In a recent review of the idiopathic hypereosinophilic syndrome (HES) and chronic eosinophilic leukemia (CEL), Gotlib et al1 comment that the World Health Organization (WHO) classification for these disorders has been called into question by the identification of the FIP1L1-PDGFRA fusion gene. This is by no means true. The WHO classification specifies that if patients who would otherwise be classified as having idiopathic HES have myeloid cells that “demonstrate a clonal chromosomal abnormality or are shown to be clonal by other means,” the diagnosis is chronic eosinophilic leukemia.2 Clearly, the WHO criteria for CEL are satisfied by the demonstration of the FIP1L1-PDGFRA fusion gene in myeloid cells (including eosinophils).
Idiopathic HES is a diagnosis of exclusion, whereas CEL requires positive identification of features indicative of leukemia, such as increased blast cells or evidence of clonality. The 2 groups of disorders are mutually exclusive. It is possible that some patients who can currently only be classified as having idiopathic HES do actually have CEL, but if no evidence to support this suspicion can be found, a diagnosis of idiopathic HES is appropriate. Conversely, when eosinophilia is a feature of a myeloid leukemia, it is not idiopathic and the diagnosis is not idiopathic HES.
The discovery of the FIP1L1-PDGFRA fusion gene in a significant proportion of patients who would have previously been regarded as having idiopathic HES was very important in advancing our understanding of this group of disorders. Because of the marked sensitivity of this condition to imatinib therapy, identifying these patients is also now of considerable clinical importance. However, since some patients who lack the fusion gene also respond to imatinib, a trial of this drug is also justified in patients with idiopathic HES.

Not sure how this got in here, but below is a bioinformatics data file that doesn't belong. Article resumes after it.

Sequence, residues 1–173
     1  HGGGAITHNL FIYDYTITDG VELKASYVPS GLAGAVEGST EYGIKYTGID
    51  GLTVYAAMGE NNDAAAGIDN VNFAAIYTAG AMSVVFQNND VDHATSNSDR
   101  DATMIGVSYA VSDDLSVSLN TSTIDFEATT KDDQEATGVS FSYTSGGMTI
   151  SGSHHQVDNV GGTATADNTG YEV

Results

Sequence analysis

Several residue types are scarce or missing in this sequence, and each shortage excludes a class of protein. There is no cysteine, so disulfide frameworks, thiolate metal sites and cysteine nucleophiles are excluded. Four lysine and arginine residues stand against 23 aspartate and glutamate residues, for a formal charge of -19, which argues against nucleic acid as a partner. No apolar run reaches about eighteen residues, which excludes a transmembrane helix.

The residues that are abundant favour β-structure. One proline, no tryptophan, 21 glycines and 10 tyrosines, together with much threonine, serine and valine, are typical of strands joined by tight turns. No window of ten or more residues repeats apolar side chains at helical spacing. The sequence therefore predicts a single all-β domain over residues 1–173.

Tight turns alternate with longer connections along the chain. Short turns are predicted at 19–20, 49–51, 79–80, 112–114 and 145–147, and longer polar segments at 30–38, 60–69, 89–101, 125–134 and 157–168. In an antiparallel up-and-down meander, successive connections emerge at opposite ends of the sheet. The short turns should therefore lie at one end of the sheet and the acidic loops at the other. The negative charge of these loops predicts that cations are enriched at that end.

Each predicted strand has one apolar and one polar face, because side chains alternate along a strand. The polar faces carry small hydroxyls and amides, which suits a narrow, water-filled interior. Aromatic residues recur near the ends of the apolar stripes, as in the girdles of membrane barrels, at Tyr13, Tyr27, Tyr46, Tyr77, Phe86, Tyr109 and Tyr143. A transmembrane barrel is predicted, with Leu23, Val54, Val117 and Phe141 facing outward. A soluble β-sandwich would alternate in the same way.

Gotlib et al1 refer to a proposed classification of hypereosinophilia as reactive, clonal, and HES.3 One may well question the wisdom of lumping together all hypereosinophilias resulting from clonal hematologic malignancies. The eosinophilia is reactive in Hodgkin disease and T-cell lymphoma just as it is reactive in drug allergy and parasitic disease, whereas in patients with FIP1LI-PDGFRA fusion or with t(5;12)(q33;p13) and ETV6-PDGFRB fusion, the eosinophils are part of the neoplastic clone. The situation is highly complex since even myeloid neoplasms may have an eosinophil population that is reactive rather than clonal. For example, one of the imatinib-responsive patients with rearrangements of PDGFRB reported by Apperley et al4 had previously been shown to have nonclonal eosinophils.5 Furthermore, the 8p11 pluripotent stem cell syndrome is often a biphasic or triphasic disease, with both eosinophils in the CEL phase and T lymphoblasts in the T-lymphoblastic lymphoma phase belonging to the clonal population with t(8;13)(p12;q12) and ZNF198-FGFR1 (or related abnormalities).6 A more appropriate classification of hypereosinophilias might be (i) reactive, (ii) clonal myeloid or biphenotypic neoplastic disorders, and (iii) idiopathic HES. Hematologic neoplasms with reactive eosinophilia would be assigned to group i, not group ii.
With advances in knowledge, the term “idiopathic hypereosinophilic syndrome” should only be used for a disorder in which the nature or underlying cause of the eosinophilia remains unknown after appropriate thorough investigation.
Practical caveats to the classification of chronic eosinophilic leukemia and idiopathic hypereosinophilic syndrome as mutually exclusive diagnoses
The identification of the FIP1-like–1–platelet-derived growth factor receptor-α (FIP1L1-PDGFRα) fusion tyrosine kinase in patients who have carried the diagnosis of idiopathic hypereosinophilic syndrome (HES) has, in some cases, led to persistent use of the term “FIP1L1-PDGFRA–positive (F-P+) HES.” Dr Bain correctly states that identification of this clonal abnormality would define individuals as having a chronic eosinophilic leukemia (CEL) according to the World Health Organization (WHO) classification.1